An economist Dr. Ebo Turkson, has dismissed assertions that Ghana could end up like Greece which is currently buried under huge debts.
[contextly_sidebar id=”DM95Eb2YGaD8vJMmY88bpvItVXDVljwV”]“I will not side with those who think that Ghana will become like Greece one day. I don’t think so,” he stressed on the Citi Breakfast Show.
Greece’s debt crisis is said to have been triggered by the structural weaknesses in the country’s economy coupled with overly high structural deficits and over 100 percent debt-to-GDP ratio.
In 2012, Greece had the largest sovereign debt default in history and became the first developed country to fail to make an IMF €1.6 billion loan repayment on June 30, 2015. The government had a debt of €323bn.
The Center for Economic Policy Analysis (CEPA) has since warned the government of Ghana to immediately change its management structure or risk ending up like Greece.
CEPA pointed out that Ghana’s worsening economic conditions have caused investors to lose confidence in the Ghanaian economy and urgent measures must be put in place to prevent further slide.
But according to Dr. Turkson, Ghanaians are only basing their fears on the fact that Ghana seems to have a borrowing trait “and that is the problem.”
“If you borrow to the level that you can longer sustain, you will become bankrupt and you’d have to be very careful but I think that the IMF coming in and we accepting to go on the path that they have prescribed… And a few days ago, we heard that Ghana is on track and so I am not expecting that we will become like Greece,” he explained.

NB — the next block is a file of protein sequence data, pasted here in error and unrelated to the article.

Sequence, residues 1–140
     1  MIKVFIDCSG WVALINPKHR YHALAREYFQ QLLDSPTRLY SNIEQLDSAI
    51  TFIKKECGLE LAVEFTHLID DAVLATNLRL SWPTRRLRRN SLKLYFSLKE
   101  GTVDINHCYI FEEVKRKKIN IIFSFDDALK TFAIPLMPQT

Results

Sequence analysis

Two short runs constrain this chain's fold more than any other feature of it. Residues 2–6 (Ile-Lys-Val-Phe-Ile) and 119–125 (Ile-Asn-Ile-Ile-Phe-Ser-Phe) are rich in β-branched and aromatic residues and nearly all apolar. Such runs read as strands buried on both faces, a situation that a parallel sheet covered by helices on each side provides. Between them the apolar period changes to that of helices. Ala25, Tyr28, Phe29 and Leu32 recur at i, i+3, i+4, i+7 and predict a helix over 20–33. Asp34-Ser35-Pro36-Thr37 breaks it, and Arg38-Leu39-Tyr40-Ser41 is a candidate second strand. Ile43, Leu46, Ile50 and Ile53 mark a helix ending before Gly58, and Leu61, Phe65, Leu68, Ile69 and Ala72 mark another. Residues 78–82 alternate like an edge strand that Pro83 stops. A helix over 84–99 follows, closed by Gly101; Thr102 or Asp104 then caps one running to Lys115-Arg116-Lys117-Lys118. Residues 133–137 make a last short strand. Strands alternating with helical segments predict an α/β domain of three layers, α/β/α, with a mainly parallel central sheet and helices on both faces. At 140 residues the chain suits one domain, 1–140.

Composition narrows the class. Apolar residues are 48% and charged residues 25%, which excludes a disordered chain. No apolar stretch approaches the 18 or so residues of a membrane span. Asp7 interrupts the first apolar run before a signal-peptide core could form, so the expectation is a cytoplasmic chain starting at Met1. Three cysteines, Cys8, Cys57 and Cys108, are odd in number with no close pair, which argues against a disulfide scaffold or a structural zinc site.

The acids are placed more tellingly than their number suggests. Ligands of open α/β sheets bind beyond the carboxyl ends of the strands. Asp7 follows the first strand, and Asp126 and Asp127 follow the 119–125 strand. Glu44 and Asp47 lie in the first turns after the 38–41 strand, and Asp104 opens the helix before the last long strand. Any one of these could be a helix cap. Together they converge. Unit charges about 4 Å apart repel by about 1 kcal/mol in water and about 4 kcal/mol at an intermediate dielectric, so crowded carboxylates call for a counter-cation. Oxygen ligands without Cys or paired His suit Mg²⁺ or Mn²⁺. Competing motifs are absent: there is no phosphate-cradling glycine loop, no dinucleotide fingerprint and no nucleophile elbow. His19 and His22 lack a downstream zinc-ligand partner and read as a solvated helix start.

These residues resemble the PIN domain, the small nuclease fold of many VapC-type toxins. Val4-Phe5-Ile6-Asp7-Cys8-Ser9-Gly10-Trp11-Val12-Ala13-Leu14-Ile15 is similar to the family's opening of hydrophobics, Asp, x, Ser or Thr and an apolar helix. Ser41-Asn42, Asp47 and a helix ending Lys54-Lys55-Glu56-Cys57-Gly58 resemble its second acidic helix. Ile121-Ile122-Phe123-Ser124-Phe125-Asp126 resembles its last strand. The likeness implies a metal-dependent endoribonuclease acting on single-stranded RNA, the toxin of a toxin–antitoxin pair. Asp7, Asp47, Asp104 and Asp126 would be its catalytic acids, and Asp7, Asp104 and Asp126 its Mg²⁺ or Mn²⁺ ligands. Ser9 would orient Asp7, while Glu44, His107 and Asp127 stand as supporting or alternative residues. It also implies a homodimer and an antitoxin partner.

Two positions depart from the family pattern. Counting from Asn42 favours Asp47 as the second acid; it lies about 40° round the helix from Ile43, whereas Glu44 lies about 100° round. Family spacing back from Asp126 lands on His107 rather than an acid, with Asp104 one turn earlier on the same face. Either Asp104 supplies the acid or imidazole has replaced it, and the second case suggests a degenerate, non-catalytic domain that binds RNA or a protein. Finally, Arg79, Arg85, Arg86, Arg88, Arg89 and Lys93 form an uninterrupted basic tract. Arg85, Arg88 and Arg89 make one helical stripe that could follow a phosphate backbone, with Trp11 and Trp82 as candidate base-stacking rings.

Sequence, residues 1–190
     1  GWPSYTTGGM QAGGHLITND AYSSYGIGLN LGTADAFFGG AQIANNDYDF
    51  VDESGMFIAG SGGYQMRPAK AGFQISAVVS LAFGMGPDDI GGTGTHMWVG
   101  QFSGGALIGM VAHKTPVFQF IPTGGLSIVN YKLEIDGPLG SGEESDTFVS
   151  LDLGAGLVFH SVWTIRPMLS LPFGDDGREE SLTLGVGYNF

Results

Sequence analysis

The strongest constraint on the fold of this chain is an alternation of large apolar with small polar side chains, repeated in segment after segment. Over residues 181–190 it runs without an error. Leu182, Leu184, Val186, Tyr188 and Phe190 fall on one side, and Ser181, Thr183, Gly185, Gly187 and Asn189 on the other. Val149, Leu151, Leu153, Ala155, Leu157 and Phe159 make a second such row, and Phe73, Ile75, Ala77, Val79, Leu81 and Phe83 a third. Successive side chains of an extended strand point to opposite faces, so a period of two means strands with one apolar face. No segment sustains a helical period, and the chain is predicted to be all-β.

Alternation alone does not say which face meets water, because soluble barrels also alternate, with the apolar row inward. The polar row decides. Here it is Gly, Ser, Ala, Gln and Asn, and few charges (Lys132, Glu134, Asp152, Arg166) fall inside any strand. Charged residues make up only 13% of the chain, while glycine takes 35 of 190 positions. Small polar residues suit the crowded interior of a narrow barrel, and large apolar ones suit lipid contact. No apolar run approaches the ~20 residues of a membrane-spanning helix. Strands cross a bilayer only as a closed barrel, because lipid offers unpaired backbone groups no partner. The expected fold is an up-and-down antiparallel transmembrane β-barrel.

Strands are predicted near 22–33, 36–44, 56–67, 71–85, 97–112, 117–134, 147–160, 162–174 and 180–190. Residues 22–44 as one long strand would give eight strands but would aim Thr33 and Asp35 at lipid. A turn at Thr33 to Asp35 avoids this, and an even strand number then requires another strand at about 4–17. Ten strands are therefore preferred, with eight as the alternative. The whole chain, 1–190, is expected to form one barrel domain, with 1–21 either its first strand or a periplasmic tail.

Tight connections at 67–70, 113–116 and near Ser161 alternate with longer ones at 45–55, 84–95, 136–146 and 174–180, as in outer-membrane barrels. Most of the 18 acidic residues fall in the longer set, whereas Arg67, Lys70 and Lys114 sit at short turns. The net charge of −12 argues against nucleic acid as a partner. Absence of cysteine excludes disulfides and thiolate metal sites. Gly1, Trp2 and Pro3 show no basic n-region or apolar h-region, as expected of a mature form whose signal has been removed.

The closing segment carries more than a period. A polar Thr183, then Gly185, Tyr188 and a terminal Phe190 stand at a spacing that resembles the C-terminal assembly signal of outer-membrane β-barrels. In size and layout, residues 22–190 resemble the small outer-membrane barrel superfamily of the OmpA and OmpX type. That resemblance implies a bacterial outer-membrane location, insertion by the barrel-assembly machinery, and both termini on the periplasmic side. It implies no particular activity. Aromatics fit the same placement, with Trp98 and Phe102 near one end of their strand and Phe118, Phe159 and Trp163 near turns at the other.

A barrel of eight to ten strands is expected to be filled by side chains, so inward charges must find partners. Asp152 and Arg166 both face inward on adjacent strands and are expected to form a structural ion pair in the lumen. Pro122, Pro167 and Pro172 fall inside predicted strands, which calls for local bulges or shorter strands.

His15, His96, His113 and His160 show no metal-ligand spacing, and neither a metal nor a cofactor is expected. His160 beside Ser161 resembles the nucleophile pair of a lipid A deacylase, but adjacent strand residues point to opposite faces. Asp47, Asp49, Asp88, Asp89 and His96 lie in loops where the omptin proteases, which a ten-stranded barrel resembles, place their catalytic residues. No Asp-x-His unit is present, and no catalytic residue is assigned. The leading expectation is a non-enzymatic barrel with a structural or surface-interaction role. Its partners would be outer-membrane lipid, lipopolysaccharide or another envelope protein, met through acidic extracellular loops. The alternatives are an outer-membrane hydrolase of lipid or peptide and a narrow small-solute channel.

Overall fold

“No, no, no, we won’t get there…but unless this government does something else to pile up our debt, I don’t think Ghana should be looking at going the Greece way.”
Don’t blame IMF and World Bank.
Dr. Turkson also dismissed claims that the IMF and the World Bank are to blame for Ghana’s economic woes.
He argued that Ghana is the cause of its problems, adding that every bailout comes with some cost and the nation must be prepared to deal with it.
“I am one of the economists who believe that our problems have been created from without. We are at the center of the problems that we have…I don’t agree with anyone who will say that our problems come from outside; I will not buy that.”
“If a government is running state institutions that is subsidizing and government is not making enough revenue to pay for the subsidy, then if you go to those who want to sort you out and they tell you that they will sort you out but they tell you to go and remove those subsidies, I don’t think they have said anything serious,” he added.
According to him, Ghana has for so many years failed to find a long term solution to fix the energy problems.
“We have had so many years to look at ways to expand our electricity supply and the energy sources that we have to generate. As far back as the early 2000s when we had that crisis, we should have done more than we did at that time. We should find a way of getting around this energy crisis and stop blaming others for the current situation that we find ourselves in.” “I don’t think that we should blame the IMF or any other development partners,” he said.
By: Efua Idan Osam/citifmonline.com/Ghana